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Blade Alloys 101: What You Need to Know About the Alloys Used for Knife Blades


When choosing a knife to purchase, do you consider the steel that is used in the blade 

and how it was fabricated? Making an informed purchasing decision by choosing the right knife for your needs can become easier if you have a basic understanding of alloys used in the blades, how they are fabricated and the impact they can have on performance.


Types of Blade Fabricators

What blade fabricators generally look for in the alloys they use often depends on what kind of fabricator they are. For example, larger, high volume blade fabricators are likely to use different alloys than lower volume, specialty blade makers. The same is true when comparing the metal needs of forgers with those of stock removal fabricators – fabricators who take a piece of steel, profile it to create the basic shape and then heat treat it and finish it.

Fabricators have to strike a balance between working with familiar alloys and offering their customers “the latest and the greatest” product available. In either case, they need to be confident that they have an alloy that will be consistent knife blade to knife blade. Many knife blade fabricators take pains to be the first ones to market a blade using a new alloy or a unique design. Therefore, alloy producers must constantly refine and expand their product lines.

In October 2009 Carpenter Technology introduced the CarTech CTS™ suite of blade alloys comprised of 14 alloys offering superior edge retention, surface finish and machinability as well as consistent heat treatability when used for various knife blade applications. The CTS alloys can be classified into three families: low alloy martensitic stainless steels, bearing steels and powder metals.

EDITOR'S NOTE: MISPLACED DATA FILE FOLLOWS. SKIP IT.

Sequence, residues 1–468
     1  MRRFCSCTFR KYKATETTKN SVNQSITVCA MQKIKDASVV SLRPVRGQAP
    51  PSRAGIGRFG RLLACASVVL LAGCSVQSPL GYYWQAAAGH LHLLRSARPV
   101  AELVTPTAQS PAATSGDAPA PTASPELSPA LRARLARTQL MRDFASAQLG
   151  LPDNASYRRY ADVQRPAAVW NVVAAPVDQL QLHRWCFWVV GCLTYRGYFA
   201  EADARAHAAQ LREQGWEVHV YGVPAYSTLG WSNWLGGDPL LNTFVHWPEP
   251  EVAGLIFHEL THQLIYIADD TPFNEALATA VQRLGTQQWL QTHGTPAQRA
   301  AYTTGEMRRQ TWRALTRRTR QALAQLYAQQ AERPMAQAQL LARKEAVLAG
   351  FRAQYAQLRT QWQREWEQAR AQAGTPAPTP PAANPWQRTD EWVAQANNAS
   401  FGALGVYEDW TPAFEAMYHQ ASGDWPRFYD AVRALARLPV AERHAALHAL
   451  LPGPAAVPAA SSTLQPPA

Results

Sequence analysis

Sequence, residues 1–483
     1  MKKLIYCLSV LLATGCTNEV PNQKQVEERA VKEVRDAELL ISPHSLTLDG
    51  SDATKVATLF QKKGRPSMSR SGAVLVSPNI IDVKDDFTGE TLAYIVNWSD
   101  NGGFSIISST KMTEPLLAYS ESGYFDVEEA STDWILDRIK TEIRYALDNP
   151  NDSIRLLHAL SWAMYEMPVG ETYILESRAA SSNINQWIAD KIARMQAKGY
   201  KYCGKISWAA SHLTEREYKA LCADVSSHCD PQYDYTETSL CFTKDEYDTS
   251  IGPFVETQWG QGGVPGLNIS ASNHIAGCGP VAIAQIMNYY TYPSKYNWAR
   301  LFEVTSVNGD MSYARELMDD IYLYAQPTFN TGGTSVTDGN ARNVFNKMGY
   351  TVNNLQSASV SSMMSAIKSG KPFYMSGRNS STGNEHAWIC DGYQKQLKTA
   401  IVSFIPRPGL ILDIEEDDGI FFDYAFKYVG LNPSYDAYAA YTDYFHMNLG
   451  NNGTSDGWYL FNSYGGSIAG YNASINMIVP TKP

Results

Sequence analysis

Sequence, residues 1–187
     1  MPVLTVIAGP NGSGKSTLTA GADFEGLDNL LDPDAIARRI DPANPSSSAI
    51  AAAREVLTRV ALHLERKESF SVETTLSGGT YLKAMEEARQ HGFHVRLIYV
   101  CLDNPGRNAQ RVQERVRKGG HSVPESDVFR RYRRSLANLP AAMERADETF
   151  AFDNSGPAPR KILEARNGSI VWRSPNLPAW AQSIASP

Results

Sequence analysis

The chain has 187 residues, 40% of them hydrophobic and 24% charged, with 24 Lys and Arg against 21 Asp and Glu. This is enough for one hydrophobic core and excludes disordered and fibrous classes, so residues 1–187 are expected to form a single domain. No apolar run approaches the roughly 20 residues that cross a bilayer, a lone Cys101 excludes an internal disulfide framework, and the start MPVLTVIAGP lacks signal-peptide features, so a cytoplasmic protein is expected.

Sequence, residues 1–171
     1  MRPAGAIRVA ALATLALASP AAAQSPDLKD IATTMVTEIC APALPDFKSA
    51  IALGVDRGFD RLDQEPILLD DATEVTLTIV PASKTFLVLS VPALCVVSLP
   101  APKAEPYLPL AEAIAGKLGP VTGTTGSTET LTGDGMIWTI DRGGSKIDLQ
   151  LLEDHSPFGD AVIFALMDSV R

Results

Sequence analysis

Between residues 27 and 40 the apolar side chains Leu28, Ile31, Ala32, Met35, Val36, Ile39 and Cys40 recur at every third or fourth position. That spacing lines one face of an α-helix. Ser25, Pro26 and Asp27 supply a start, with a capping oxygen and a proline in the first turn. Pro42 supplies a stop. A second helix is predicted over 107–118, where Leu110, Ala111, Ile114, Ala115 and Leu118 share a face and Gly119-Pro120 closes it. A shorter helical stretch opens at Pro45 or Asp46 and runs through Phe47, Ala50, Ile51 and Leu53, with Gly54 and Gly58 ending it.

Low Alloy Martensitic Stainless Steels

Low alloy martensitic stainless steels, such as the 410 and 420 families of stainless alloys, are currently popular with blade fabricators. These stainless steels tend to contain about 0.6 percent carbon and 12 to 18 percent chromium.

Due to the simplistic nature of these alloys, they tend to be the most modified ones across the blade alloy spectrum. By adding a “pinch” of various alloying ingredients, such as molybdenum, vanadium, tungsten and/or niobium, different characteristics can be achieved such as different levels of edge retention, machinability, sharpenability and corrosion resistance. Martensitic stainless steels tend to cost less and be more available than other types of blade alloys.

The martensitic stainless steels in the CarTech CTS alloy suite are CarTech CTS 10 (Type 410), CarTech CTS 20 (Type 420), CarTech CTS 40A (Type 440A), CarTech CTS B90 (X-90 stainless), CarTech CTS TMT (Trinamet® stainless) and CarTech CTS BD1. CarTech CTS BD1 alloy is a premium melted, martensitic stainless having better edge retention than CarTech CTS 10, CarTech CTS 20 and CarTech CTS 40 while still having good machinability. It is expected to be an upgrade to these alloys, making CarTech CTS BD1 an attractive possibility to cutlery makers.